Weekly Digest | CA Requires District Taxes, Congressional Wine Caucus, WalMart vs. TX, TTB Enforcements, USPS Alcohol Shipping
May 9, 2019
By Melani Meister, Sales Manager
In this week’s digest, California adds new district tax collection requirements and we learn about the Congressional Wine Caucus. The Fifth Court hears an oral argument over discrimination between WalMart and Texas liquor laws and we hear an opinion on TTB inconsistencies with third-party promotions and enforcements. Lastly, litigation has been reintroduced that could open up alcohol shipping to USPS.
The California Department of Tax and Fee Administration (CDTFA) announced new sales and use tax requirements following the US Supreme Court decisions in the Wayfair case. The new rules may add collection of district taxes for California wineries. See what those changes entail and how they could affect your business.
The Congressional Wine Caucus has been working behind the scenes in Washington to promote and address the needs of the wine industry for twenty years. See how this group mobilized, who its member are, and how it’s making an impact.
On April 29th, the Fifth Circuit held an oral argument to hear WalMart’s challenge to Texas liquor laws. These laws impact WalMart stores that sell liquor in the Lonestar state and the retail giant feels that they are discriminatory. A decision is expected this summer and it’s assumed that the ruling on the Tennessee Wine and Spirits Retailers Association case will impact the outcome.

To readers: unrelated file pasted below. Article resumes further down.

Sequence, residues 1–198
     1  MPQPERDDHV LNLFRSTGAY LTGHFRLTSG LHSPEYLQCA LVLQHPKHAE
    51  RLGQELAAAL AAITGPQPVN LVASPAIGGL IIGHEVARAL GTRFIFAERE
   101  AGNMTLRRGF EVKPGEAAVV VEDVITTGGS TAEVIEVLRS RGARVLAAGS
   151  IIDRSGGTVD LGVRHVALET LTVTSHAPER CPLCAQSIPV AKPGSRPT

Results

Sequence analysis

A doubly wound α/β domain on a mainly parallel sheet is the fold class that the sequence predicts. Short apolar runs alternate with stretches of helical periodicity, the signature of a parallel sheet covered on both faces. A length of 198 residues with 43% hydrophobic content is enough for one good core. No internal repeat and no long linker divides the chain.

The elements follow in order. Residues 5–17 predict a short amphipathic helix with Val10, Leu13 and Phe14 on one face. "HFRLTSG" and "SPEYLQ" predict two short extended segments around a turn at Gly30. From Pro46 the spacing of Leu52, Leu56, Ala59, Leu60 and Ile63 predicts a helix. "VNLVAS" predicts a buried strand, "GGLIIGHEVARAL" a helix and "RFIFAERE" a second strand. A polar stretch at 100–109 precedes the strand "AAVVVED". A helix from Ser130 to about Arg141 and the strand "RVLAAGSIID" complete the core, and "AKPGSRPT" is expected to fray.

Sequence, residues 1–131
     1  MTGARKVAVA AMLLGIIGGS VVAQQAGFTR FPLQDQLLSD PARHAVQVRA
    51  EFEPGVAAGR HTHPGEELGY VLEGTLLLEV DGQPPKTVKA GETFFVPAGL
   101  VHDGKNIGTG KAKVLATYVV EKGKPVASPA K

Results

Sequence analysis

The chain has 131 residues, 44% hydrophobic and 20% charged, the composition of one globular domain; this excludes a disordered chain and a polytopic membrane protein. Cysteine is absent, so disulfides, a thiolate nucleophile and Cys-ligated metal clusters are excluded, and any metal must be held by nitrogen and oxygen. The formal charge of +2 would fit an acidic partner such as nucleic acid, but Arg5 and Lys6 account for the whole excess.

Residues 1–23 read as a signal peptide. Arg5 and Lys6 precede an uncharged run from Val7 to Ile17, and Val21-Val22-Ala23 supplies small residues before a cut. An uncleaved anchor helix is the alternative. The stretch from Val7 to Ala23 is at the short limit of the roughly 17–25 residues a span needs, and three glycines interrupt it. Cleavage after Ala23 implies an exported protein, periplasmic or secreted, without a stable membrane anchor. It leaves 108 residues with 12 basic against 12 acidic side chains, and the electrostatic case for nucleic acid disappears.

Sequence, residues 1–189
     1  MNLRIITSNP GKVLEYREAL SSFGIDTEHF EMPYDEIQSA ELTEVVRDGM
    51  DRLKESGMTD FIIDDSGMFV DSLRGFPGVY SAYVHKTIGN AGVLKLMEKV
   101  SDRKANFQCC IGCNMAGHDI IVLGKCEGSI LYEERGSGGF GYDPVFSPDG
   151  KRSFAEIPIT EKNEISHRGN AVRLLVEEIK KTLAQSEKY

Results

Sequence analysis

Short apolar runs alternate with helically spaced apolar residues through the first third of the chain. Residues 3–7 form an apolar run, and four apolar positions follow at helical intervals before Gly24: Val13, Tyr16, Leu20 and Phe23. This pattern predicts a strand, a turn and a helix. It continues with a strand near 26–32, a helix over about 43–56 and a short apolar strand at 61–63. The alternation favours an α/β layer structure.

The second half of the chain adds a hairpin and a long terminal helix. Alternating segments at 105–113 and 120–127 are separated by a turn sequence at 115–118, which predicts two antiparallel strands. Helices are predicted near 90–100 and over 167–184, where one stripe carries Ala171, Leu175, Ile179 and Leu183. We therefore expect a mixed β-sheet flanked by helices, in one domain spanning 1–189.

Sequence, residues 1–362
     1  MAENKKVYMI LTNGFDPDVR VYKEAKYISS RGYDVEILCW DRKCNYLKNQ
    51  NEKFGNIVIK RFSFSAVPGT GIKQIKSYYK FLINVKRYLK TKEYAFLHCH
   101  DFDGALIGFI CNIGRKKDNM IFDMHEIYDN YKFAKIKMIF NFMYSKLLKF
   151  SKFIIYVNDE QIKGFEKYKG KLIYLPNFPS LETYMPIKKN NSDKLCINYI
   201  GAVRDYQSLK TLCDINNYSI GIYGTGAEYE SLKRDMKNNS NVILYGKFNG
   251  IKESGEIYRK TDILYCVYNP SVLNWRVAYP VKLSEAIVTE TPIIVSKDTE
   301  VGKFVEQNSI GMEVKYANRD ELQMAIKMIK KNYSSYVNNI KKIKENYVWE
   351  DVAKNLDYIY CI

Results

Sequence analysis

Former Alcohol and Tobacco Tax and Trade Bureau (TTB) Chief Counsel, Robert Tobiassen, attended the TTB 2019 Trade Practice seminar and gives his analysis of TTB enforcement policies and third-party promotion companies’ participation in alleged violations. Read his opinion and concerns on the state of industry marketing and sales developments with the threat of TTB’s enforcement.
Consumers and manufacturers are prohibited from using the US Postal Service to ship or deliver alcoholic beverages, creating a competitive advantage for companies like FedEx and UPS. Recent litigation have been reintroduced that could change this Prohibition-era restriction.